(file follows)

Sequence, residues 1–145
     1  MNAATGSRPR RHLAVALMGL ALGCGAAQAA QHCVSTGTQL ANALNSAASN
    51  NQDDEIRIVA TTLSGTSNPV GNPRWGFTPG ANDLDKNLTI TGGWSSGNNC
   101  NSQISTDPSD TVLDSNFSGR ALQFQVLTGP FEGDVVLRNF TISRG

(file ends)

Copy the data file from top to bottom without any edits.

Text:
Sequence, residues 1–145
     1  MNAATGSRPR RHLAVALMGL ALGCGAAQAA QHCVSTGTQL ANALNSAASN
    51  NQDDEIRIVA TTLSGTSNPV GNPRWGFTPG ANDLDKNLTI TGGWSSGNNC
   101  NSQISTDPSD TVLDSNFSGR ALQFQVLTGP FEGDVVLRNF TISRG